By that point, Scully knew that underneath his cocky behavior, his sometimes arrogant approach to things, Mulder was insecure. Granted, he was not the insecure mess fanon wanted him to be, but nonetheless he was insecure. Mulder needed to show he could take anything. The man had been a profiler, he had crawled inside the mind of serial killers and psychos and he had stayed strong.

He faced horrors everyday with his job on the X-Files: mutants who ate livers, brainwashings, young girls’ disappearances, beast women, intelligent computers, worms from outer space, ghosts, ghosts from Mars, OPR committees, evil kid twins….

And he was strong…he was confident; he was downright enthusiast of his job.

Until Phoebe showed up with a case, which focused on one of Mulder’s phobias: fire.

“You just keep unfolding like a flower”

I love Scully in this episode, and since there have been times where I have honestly despised her in latter seasons, that’s saying something.

She was a real partner to Mulder…and mostly a friend.

In my premise I said I’ve always believed Mulder and Scully fell for each other at first sight…but were they friends back in the first season?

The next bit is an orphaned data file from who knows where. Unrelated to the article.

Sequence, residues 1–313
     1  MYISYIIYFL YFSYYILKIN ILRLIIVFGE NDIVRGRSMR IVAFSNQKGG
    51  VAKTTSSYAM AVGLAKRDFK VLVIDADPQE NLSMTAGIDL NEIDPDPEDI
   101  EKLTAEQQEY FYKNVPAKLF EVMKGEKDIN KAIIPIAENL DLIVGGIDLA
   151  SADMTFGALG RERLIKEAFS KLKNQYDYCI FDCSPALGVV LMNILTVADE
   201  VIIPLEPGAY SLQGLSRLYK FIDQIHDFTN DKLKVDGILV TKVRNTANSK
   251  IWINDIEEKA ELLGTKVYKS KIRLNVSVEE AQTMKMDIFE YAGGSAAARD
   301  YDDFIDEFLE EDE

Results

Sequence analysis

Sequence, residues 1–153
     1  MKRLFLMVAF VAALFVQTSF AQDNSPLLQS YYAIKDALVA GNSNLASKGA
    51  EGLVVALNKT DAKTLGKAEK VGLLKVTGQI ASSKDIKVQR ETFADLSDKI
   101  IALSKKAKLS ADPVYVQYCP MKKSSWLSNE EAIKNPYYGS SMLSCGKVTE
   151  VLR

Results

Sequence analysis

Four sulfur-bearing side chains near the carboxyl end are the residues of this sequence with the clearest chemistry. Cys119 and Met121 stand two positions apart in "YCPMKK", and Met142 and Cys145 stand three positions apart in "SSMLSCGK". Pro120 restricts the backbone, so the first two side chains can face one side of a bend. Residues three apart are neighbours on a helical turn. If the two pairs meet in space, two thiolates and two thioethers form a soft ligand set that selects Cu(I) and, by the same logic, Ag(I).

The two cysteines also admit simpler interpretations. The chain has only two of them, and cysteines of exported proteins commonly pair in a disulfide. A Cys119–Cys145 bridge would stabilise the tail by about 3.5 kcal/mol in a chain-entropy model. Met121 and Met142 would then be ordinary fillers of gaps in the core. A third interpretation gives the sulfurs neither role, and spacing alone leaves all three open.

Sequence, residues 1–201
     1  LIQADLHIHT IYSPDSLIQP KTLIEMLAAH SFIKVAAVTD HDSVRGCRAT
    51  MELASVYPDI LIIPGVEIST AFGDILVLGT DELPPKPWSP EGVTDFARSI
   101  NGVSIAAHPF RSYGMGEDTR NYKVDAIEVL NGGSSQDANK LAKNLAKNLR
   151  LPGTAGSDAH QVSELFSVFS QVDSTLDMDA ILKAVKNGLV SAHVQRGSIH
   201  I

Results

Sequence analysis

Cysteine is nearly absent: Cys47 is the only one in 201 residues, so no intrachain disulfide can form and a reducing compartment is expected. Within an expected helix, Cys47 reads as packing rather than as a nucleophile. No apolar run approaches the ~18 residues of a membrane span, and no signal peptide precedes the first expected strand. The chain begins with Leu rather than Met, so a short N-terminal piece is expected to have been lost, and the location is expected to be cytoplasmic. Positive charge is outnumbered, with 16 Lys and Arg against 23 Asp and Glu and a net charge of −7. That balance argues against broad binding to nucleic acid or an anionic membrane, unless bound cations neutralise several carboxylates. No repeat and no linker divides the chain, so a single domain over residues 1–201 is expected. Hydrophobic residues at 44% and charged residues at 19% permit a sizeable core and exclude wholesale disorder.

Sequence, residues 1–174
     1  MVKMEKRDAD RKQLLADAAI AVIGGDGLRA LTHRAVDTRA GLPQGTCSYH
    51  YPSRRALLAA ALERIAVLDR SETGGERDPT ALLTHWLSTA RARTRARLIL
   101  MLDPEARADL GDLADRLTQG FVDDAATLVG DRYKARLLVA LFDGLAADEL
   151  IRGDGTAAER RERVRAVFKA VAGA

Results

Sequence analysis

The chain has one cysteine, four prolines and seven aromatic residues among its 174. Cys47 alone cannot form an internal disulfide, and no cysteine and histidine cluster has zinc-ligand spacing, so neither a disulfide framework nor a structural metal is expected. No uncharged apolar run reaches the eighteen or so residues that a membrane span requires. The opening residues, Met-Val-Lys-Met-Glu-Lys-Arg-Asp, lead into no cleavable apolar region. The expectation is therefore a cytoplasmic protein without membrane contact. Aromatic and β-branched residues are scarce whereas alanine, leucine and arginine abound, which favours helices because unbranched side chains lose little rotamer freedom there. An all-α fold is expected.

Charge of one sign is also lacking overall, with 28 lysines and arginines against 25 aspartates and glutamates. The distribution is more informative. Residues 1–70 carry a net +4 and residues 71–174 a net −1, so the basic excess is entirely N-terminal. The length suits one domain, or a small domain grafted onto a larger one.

One thing is what they had probably felt at first sight, something else altogether is when their rational minds caught up and smelled the coffee.

Despite what fanon claims, Mulder *is* rational. Just because his theories are a bit wild, it doesn’t mean he doesn’t have a rational bone in him.

So, yes, they were friends, but we’re talking about Mulder and Scully…so to have a verbal acknowledgment of their friendship, we had to wait for another season.

Before I go on talking about the events of Fire and the impact they had on M&S dynamic, there’s a digression needed to be made.

Partners, friends, constants and touchstones, lovers

Aka the impossibility to put a label on Mulder and Scully’s relationship

~ Do you have a … a significant other?

Mulder: Um, not in the widely understood definition of that term.

(From Chimera ep. 7×16)

Mulder and Scully are two private people. With their line of work, with what they went through during the series, labeling their relationship, giving a name to it, I think it would have meant to trivialize it, besides, it would be hard to do that. How can you label what they had?

I’ll try to explain and make sense of my theory.

Remember: I said I was obsessed with the X-Files, I said I am a shipper and I said I was delusional, ok?

In the first season, especially in its second half, Mulder and Scully stopped being just co-workers and became partners…and friends.

They already had strong feelings for each other, but they weren’t voiced; Scully said at the end of the season that she wouldn’t put herself on the line for anybody but Mulder (i.e. Tooms), Mulder became more and more protective of Scully…but to have a verbal acknowledgment of their friendship we had to wait for another year.